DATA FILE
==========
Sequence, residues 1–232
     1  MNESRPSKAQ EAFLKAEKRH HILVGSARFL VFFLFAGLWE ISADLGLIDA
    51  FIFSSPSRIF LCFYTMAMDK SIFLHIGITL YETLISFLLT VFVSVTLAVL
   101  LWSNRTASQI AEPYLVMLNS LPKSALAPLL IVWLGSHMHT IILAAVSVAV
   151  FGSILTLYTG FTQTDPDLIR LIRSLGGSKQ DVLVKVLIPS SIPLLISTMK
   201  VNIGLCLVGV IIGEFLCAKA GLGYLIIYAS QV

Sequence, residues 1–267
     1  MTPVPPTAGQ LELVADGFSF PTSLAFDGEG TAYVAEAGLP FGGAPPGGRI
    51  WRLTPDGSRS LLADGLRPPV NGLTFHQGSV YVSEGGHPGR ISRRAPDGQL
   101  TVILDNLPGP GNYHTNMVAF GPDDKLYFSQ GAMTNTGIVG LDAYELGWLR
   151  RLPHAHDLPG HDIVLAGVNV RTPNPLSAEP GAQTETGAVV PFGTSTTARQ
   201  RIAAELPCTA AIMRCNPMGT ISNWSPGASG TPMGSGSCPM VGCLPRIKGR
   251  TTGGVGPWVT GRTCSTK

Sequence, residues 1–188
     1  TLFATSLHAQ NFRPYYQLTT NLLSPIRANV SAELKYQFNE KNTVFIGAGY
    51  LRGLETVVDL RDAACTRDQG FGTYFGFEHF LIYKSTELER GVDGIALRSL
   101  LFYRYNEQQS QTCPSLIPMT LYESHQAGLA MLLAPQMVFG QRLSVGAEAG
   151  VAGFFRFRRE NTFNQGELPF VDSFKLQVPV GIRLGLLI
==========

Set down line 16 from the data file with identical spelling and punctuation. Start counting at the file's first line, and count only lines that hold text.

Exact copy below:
    51  LRGLETVVDL RDAACTRDQG FGTYFGFEHF LIYKSTELER GVDGIALRSL